Relative changes of cerebral arterial and venous blood volumes during increased cerebral blood flow: Implications for bold fMRI Academic Article uri icon


MeSH Major

  • Blood Volume
  • Cerebrovascular Circulation
  • Hypercapnia
  • Magnetic Resonance Imaging


  • Measurement of cerebral arterial and venous blood volumes during increased cerebral blood flow can provide important information regarding hemodynamic regulation under normal, pathological, and neuronally active conditions. In particular, the change in venous blood volume induced by neural activity is one critical component of the blood oxygenation level-dependent (BOLD) signal because BOLD contrast is dependent only on venous blood, not arterial blood. Thus, relative venous and arterial blood volume (rCBV) and cerebral blood flow (rCBF) in alpha-chlorolase-anesthetized rats under hypercapnia were measured by novel diffusion-weighted (19)F NMR following an i.v. administration of intravascular tracer, perfluorocarbons, and continuous arterial spin labeling methods, respectively. The relationship between rCBF and total rCBV during hypercapnia was rCBV(total) = rCBF(0.40), which is consistent with previous PET measurement in monkeys. This relationship can be linearized in a CBF range of 50-130 ml/100 g/min as DeltarCBV(total)/ DeltarCBF = 0.31 where DeltarCBV and DeltarCBF represent rCBV and rCBF changes. The average arterial volume fraction was 0.25 at a basal condition with CBF of approximately 60 ml/100 g/min and increased up to 0.4 during hypercapnia. The change in venous rCBV was 2-fold smaller than that of total rCBV (DeltarCBV(vein)/DeltarCBF = 0.15), while the arterial rCBV change was 2.5 times larger than that of total rCBV (DeltarCBV(artery)/DeltarCBF = 0.79). These NMR results were confirmed by vessel diameter measurements with in vivo videomicroscopy. The absolute venous blood volume change contributes up to 36% of the total blood volume change during hypercapnia. Our findings provide a quantitative physiological model of BOLD contrast.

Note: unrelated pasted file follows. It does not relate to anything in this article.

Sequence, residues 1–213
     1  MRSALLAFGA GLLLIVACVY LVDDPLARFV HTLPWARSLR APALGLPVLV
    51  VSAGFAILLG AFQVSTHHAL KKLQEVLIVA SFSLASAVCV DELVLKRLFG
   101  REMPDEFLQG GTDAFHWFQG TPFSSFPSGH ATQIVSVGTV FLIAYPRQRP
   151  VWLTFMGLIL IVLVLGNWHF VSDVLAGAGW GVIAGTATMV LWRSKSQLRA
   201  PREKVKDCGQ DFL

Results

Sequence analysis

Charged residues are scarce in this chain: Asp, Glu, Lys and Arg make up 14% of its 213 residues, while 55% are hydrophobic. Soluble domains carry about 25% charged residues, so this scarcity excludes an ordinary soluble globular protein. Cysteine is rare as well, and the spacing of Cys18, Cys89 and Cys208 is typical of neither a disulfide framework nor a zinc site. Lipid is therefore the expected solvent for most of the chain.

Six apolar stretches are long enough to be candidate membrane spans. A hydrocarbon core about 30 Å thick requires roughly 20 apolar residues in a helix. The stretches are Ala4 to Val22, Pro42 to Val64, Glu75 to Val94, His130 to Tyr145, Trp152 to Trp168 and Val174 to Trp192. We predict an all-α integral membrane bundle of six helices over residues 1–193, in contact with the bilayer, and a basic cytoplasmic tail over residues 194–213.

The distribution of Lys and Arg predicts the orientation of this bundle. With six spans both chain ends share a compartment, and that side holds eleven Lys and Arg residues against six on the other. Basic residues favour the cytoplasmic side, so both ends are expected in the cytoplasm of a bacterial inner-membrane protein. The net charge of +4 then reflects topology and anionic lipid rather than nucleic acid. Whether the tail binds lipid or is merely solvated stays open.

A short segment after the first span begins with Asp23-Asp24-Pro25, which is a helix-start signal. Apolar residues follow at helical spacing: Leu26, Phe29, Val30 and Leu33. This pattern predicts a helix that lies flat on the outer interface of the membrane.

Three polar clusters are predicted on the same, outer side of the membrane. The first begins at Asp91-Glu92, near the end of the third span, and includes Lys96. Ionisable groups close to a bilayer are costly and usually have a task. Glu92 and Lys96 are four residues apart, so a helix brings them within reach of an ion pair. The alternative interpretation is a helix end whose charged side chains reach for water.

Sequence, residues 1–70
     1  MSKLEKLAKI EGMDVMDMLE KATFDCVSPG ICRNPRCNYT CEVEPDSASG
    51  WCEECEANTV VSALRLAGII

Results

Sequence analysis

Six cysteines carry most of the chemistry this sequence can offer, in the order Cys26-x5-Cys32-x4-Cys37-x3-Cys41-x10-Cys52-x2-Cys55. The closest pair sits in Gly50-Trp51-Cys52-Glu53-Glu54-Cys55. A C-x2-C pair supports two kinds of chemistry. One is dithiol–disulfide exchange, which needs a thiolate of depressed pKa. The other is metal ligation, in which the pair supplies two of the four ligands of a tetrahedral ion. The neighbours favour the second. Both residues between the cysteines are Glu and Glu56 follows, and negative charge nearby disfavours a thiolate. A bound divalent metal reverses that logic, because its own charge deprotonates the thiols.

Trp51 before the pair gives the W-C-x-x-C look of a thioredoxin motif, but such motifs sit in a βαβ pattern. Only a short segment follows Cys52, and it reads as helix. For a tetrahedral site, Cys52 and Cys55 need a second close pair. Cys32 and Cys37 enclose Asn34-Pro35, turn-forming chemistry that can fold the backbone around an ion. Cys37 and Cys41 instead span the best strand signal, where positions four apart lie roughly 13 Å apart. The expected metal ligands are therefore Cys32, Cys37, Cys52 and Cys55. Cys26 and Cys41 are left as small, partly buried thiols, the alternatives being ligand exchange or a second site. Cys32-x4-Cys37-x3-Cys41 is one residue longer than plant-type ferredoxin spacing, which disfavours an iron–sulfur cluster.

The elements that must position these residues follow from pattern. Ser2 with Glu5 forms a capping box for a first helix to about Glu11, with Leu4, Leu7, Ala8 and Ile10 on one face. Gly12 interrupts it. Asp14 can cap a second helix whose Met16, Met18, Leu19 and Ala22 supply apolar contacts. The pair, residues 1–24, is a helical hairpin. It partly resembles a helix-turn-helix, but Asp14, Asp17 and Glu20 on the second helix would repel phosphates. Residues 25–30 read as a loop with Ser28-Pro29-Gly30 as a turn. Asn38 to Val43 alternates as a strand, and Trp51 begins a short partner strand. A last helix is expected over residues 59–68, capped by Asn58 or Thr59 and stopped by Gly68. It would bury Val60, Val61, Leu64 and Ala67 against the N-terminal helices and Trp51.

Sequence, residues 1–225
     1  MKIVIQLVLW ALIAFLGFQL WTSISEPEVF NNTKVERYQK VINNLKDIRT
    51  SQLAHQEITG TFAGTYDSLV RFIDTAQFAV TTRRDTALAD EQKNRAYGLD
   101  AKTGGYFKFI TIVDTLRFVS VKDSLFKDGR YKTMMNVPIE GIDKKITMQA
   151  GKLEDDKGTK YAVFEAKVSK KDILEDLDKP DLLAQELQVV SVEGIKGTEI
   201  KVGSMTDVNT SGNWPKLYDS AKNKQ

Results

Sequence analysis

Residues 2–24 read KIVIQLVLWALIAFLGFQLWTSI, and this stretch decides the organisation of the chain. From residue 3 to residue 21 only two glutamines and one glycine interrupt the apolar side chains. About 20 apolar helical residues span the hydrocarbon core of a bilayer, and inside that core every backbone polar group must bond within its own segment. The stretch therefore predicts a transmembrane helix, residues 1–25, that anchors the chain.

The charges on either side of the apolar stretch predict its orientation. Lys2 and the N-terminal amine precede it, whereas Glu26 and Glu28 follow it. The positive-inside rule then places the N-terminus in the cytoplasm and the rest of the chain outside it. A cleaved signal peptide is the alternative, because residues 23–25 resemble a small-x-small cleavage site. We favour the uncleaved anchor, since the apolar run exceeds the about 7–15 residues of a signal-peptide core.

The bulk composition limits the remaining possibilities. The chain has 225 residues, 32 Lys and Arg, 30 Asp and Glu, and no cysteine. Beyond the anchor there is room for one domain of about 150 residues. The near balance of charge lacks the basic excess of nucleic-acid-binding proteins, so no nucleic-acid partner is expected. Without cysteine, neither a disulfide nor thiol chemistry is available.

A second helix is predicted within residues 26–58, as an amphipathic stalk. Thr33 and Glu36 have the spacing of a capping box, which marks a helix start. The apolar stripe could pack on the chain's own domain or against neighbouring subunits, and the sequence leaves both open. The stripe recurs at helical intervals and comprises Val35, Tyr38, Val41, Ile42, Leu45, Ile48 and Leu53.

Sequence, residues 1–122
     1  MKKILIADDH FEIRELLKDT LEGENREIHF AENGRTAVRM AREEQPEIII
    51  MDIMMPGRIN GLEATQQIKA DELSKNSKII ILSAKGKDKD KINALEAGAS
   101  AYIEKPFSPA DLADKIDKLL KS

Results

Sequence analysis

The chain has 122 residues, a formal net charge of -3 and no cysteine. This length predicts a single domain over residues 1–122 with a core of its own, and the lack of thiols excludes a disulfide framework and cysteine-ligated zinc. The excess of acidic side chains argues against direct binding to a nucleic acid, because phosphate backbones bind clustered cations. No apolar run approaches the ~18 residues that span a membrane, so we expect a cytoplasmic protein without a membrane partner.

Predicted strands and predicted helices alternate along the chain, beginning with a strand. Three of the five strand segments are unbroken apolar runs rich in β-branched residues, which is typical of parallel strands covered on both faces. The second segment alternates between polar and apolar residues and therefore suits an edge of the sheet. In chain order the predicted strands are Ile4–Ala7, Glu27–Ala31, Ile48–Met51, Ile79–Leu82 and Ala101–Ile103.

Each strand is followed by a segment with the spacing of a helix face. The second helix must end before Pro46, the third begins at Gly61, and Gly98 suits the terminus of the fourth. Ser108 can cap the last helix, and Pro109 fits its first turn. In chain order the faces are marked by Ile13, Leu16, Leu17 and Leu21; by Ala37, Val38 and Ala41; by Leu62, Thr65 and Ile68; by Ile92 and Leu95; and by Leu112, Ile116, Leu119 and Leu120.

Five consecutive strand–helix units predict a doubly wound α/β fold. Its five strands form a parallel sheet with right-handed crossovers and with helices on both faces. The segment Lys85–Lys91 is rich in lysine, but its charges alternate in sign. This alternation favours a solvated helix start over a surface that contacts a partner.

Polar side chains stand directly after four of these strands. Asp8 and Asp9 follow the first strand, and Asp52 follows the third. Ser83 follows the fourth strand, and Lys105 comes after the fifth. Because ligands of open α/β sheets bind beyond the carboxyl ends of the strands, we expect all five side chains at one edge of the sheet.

publication date

  • May 15, 2001



  • Academic Article



  • eng

Digital Object Identifier (DOI)

  • 10.1002/mrm.1107

PubMed ID

  • 11323805

Additional Document Info

start page

  • 791

end page

  • 800


  • 45


  • 5